PT311 – William Leonard Pickard – LSD, Fentanyl, Prison, and the Greatest Gift of All: The Natural Mind

In this Bicycle Day edition of the podcast, Joe had the honor to sit down in-person with chemist and researcher, William Leonard Pickard. In 2004, Pickard was famously convicted for the alleged manufacture of 90% of the world’s LSD – the largest case in history – scoring him two life sentences in a maximum security prison. Prior to his conviction, Pickard was a drug policy researcher at Harvard’s Kennedy School of Government and deputy director of the Drug Policy Research Program at UCLA.

Pickard discusses his prediction of the current fentanyl crisis (warnings which fell on deaf ears) and watching it all unfold and desecrate lives across the globe from behind bars on the televisions of the Tucson, Arizona Penitentiary he found himself in. With new and dangerously addictive substances like fentanyl being produced carelessly at staggering rates, he believes that it’s incredibly important that we be stronger than any substance, while cautiously asking: will there soon be a drug that is stronger than the will of man? 

He talks about the unfair and ongoing sentence of Ross Ulbricht; the alchemy in drug manufacturing; the Fireside Project; what made LSD special; substance overuse and what he saw when volunteering in an ER; the inhumanity of prison and the coping mechanisms of prisoners (like making pets out of ants); 2C-B; NBOMe; LF-1; LSD (of course); and perhaps the most sultry devil of them all, caffeine. And he shares his stance on why it’s okay to be drug-free: how the natural and unaltered mind is the greatest gift of all, and how it’s actually a sign of great respect to the sacraments to finally put them down after you’ve received the message you needed to hear. 

Happy Bicycle Day from Psychedelics Today! If you’re celebrating, please be safe and respectful.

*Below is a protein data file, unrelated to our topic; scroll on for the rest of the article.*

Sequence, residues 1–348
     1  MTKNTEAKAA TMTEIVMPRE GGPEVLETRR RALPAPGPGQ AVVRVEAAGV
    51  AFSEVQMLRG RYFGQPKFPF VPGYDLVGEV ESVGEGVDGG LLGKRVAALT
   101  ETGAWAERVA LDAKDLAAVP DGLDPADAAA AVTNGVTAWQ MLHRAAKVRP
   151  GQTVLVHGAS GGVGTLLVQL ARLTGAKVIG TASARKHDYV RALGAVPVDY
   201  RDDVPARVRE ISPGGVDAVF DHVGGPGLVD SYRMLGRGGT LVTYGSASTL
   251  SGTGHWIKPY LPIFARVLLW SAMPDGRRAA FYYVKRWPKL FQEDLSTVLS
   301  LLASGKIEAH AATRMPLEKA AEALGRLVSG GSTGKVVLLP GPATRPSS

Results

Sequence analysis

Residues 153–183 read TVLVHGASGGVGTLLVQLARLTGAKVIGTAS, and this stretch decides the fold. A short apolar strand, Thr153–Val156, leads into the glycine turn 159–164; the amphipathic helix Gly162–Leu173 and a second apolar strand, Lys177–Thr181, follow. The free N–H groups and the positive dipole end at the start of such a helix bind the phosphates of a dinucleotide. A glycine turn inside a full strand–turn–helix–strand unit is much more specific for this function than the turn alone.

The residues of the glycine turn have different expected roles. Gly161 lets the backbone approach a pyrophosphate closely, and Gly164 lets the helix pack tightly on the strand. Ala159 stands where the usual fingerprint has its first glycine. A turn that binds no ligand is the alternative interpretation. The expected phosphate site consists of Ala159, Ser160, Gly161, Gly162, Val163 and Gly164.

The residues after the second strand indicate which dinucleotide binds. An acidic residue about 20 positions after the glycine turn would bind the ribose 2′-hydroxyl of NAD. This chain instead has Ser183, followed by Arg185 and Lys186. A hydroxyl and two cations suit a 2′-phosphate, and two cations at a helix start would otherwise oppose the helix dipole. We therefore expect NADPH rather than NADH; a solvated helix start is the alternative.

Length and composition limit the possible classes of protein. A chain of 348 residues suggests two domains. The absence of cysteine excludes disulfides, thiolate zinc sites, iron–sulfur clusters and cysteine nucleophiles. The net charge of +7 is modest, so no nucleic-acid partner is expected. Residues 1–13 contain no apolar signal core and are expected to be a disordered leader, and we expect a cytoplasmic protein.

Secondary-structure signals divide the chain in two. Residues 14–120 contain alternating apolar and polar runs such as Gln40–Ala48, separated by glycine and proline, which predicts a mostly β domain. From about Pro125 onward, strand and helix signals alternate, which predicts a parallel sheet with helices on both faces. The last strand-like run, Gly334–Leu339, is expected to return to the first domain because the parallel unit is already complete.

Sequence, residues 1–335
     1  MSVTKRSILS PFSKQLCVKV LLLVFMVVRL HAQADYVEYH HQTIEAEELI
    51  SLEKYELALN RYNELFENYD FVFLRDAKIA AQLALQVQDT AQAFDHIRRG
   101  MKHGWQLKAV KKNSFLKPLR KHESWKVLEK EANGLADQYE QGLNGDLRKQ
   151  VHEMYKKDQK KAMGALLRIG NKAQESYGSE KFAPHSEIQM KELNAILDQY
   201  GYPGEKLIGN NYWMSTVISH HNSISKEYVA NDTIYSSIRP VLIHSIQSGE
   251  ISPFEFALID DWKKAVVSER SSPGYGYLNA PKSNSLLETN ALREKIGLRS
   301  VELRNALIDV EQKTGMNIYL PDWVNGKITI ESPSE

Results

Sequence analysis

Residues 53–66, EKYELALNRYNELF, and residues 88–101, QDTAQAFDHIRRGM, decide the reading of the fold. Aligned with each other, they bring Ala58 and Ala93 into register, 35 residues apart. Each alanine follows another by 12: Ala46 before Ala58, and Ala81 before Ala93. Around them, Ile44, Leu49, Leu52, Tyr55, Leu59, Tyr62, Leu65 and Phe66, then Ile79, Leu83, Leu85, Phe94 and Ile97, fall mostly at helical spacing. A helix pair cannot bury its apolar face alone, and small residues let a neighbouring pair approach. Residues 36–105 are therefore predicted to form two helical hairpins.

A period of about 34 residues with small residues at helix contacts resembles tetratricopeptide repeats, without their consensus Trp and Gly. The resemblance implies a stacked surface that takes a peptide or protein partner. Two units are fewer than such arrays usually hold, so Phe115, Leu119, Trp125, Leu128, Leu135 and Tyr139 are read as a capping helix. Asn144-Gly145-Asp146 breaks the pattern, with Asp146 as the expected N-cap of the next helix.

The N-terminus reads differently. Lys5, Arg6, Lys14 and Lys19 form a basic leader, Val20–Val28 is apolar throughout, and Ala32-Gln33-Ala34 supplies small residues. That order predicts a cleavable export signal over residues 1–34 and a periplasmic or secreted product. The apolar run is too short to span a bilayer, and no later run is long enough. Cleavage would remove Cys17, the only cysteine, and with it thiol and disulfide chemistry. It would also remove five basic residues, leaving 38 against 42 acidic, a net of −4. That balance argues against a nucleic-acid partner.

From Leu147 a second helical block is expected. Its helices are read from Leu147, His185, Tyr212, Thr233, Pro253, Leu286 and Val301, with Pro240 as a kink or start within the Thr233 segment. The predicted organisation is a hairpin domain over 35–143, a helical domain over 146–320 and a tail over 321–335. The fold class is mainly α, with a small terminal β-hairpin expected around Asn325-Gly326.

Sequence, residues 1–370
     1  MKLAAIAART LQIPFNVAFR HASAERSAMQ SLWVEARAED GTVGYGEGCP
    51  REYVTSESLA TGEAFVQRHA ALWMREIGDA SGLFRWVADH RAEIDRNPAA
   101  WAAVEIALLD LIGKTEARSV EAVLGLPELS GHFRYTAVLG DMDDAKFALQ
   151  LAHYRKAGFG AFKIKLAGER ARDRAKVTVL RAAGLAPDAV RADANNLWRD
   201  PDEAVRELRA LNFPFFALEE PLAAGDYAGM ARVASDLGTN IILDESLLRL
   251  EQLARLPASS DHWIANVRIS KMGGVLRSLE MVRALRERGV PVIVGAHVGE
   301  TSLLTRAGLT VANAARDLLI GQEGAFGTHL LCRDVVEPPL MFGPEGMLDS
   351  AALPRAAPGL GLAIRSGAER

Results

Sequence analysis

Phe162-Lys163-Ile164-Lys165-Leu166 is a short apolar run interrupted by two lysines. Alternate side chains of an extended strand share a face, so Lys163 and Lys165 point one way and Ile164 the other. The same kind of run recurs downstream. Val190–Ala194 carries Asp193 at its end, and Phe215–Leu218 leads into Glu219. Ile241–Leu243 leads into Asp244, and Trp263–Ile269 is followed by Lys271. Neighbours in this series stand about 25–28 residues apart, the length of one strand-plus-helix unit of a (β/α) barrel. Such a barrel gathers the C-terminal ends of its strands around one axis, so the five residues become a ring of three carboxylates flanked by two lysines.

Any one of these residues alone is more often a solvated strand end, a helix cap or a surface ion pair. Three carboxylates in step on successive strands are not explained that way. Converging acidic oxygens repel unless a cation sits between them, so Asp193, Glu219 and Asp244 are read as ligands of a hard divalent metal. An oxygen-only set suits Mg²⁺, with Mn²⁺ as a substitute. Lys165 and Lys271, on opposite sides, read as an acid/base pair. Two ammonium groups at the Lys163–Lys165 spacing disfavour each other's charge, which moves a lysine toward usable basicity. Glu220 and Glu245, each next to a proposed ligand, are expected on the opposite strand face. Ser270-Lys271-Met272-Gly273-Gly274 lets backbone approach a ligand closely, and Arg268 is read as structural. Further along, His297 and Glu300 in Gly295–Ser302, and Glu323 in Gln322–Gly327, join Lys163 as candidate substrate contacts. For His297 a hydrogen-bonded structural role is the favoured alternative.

Notable Quotes

“I do think that it’s important to remember that these powerful drug experiences that people have had (psychedelics or otherwise) are not the end-all and be-all – not a religion in themselves but simply a place that points to a greater realization; a greater purity of life and practice. And in the end, you don’t need the drug. That’s one of the beauties of psychedelics, I think, is that they tend to be not only non-lethal (at least the classical hallucinogens: mescaline, LSD, largely psilocybin), but they also are self-extinguishing; that is to say, after a number of long nights of the soul, one may realize that one has learned everything that this particular sacrament can teach and it’s time to put it down. It’s not necessary to go chasing after analog after analog, after different drug experiences with hundreds, soon to be thousands of things available on the net. It’s not necessary to be continually stoned on a different analog every weekend. …It would be respectful for these particular sacraments to put them down and, in honor, say farewell, and simply go about a healthful life of caring, loving one’s friends and families, [and] doing good work in the world. It’s okay to be drug-free. And that’s one of the beautiful things that these particular compounds teach us.”